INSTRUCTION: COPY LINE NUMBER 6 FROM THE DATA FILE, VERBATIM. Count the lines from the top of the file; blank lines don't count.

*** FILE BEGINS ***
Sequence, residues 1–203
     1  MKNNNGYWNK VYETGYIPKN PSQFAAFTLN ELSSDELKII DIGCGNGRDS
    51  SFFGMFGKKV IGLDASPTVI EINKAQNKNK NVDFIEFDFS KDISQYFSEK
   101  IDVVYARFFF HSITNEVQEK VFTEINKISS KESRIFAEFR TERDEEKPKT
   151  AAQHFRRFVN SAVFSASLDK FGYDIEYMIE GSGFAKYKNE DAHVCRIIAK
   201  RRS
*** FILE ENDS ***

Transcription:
   201  RRS